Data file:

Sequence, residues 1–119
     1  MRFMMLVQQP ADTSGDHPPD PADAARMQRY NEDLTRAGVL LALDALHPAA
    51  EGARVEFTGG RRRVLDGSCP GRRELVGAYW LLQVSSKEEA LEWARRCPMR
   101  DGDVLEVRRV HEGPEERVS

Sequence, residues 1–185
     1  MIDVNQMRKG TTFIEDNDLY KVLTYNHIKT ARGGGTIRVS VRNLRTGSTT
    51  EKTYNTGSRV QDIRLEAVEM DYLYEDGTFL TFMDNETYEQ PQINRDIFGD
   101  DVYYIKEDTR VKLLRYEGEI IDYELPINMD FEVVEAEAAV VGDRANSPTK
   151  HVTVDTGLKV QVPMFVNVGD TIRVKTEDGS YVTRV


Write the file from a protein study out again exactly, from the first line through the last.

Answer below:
Sequence, residues 1–119
     1  MRFMMLVQQP ADTSGDHPPD PADAARMQRY NEDLTRAGVL LALDALHPAA
    51  EGARVEFTGG RRRVLDGSCP GRRELVGAYW LLQVSSKEEA LEWARRCPMR
   101  DGDVLEVRRV HEGPEERVS

Sequence, residues 1–185
     1  MIDVNQMRKG TTFIEDNDLY KVLTYNHIKT ARGGGTIRVS VRNLRTGSTT
    51  EKTYNTGSRV QDIRLEAVEM DYLYEDGTFL TFMDNETYEQ PQINRDIFGD
   101  DVYYIKEDTR VKLLRYEGEI IDYELPINMD FEVVEAEAAV VGDRANSPTK
   151  HVTVDTGLKV QVPMFVNVGD TIRVKTEDGS YVTRV